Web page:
TYLENOL PACKAGE REDESIGN
A project focused on improving and updating Tylenol's medicine package label design.
Tylenol is one of the leading over-the-counter pharmaceutical company in the world. We provide affordable and effective drugs that helps with reducing pain, reducing fever, and relieving the symptoms of allergies, cold, cough, headache, and influenza. We tailor our products to a wide range of people, providing
drugs for different age groups, level of severity and time of day. We want to redesign our labels reflect the diversity of our product, stand out from competition while maintaining the approachability, reliability and history of our brand.
Pharmacies sell hundreds of different drugs, walking down the drug aisle it can be difficult to differentiate these brands. Brands like Tylenol, Advil and Thera-flu all share similar design systems, making it a challenge for Tylenol to standout. As a result of applying it’s iconic red color on all of it’s packaging, not only is there a lack of distinction from competitors, the current packaging lacks of differentiation between Tylenol’s own product. The new package label needs more distinction between it’s product lines especially for different age groups.
All of Tylenol’s packaging, as well as it’s competitor’s, rely on large type and bold colors to draw attention of consumers. While it does prove itself to be effective when viewed alone, when placed along side hundreds of similar looking packaging, the design becomes overwhelming and undistinguishable. While establishing these differences, it is also important to consider layout, color scheme, hierarchy of information in order to maintain a consistency between the different products.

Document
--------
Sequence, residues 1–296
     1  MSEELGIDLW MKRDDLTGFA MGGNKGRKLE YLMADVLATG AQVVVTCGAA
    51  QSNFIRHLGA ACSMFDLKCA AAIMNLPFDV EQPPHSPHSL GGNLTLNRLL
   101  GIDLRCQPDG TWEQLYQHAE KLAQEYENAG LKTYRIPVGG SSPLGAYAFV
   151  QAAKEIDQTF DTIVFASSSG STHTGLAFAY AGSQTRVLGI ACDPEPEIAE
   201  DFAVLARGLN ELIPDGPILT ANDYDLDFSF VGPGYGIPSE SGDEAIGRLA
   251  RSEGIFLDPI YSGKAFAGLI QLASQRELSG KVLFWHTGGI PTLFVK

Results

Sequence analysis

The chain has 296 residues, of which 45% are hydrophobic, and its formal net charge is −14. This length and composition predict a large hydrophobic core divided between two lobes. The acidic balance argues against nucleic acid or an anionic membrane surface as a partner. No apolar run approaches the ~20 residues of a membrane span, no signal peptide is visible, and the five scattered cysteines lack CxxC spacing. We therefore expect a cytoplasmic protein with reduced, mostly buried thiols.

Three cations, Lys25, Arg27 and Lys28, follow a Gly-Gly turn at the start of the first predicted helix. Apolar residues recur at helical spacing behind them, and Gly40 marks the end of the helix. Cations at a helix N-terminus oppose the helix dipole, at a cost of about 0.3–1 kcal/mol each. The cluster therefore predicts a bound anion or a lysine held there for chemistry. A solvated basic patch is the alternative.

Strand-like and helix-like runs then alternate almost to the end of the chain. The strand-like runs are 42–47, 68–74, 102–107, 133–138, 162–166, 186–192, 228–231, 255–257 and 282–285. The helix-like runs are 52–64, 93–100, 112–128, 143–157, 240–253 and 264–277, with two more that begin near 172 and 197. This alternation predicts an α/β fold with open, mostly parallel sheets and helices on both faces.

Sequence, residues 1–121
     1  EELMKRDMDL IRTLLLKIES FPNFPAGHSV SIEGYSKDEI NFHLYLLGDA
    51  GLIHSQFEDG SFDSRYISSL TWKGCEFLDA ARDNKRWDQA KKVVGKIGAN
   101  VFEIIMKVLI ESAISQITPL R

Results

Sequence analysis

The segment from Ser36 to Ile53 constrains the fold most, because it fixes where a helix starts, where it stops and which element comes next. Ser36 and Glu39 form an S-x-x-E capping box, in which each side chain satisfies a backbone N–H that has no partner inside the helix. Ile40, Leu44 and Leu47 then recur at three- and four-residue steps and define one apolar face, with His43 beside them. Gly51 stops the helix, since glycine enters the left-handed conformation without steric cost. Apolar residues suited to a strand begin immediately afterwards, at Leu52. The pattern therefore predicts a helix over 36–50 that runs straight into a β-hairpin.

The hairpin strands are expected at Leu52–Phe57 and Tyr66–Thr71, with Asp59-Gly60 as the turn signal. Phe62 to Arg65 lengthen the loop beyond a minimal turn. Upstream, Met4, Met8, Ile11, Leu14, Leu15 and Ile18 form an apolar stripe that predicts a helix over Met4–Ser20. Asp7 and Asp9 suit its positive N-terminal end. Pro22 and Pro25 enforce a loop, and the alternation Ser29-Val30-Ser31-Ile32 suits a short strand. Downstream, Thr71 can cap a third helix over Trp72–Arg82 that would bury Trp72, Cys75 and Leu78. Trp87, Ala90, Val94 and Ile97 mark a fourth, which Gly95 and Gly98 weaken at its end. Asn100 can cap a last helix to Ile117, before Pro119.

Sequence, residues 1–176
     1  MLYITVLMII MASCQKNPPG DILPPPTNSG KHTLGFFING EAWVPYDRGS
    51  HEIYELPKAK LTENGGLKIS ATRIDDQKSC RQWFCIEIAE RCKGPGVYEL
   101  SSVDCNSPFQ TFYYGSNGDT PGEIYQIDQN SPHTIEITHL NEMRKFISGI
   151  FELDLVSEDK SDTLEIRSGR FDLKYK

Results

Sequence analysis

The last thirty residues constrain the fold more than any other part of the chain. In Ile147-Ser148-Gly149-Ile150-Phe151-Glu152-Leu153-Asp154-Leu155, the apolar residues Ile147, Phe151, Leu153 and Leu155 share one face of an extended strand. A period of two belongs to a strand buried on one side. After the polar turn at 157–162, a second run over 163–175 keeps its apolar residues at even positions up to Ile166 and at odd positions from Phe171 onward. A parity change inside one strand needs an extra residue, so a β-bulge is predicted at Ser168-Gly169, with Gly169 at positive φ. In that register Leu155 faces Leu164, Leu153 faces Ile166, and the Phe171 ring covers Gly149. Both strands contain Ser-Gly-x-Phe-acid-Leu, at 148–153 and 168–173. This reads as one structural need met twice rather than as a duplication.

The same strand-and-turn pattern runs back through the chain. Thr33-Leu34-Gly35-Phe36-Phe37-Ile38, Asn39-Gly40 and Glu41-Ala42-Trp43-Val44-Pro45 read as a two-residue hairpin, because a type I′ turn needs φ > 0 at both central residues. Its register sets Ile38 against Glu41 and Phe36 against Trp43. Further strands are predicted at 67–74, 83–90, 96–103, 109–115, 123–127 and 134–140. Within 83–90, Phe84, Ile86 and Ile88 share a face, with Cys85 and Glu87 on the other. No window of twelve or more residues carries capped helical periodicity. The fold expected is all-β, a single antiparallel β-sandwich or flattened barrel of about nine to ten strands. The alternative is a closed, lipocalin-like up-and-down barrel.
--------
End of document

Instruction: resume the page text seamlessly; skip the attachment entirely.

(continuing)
Tylenol also faces the challenge of designing effective packaging with a lot of limitations. Being a drug product, it is required to place significant amounts of drug related information, sacrificing opportunities to incorporate other design elements that might help them stand out and improve. Overall, Tylenol’s new package labels should appear to be professional and reliable, exude a feeling of strength and power, appear medical but approachable while maintain its well-established brand.
^ Medicine aisle in CVS
^ Tylenol competitors
To address the problems and challenges the current package design faces, inspired by Swiss designs, I focused on decluttering the front of the label – allowing for more negative space and only including relevant information such as the number and type of pills, what the medicine treats and the main active drug contents.
In addition to keeping the iconic red color on all of the package label designs, I also introduced a pill shaped
pattern as the main visual interest (different patterns for different shaped pill) to convey a sense of speed to suggest the effective and power of Tylenol. The different colored gradients also create greater distinctions between the different products.
The top of the box is also redesigned so if stacked on it's long side, customers will still have a clear idea what medicine they are getting.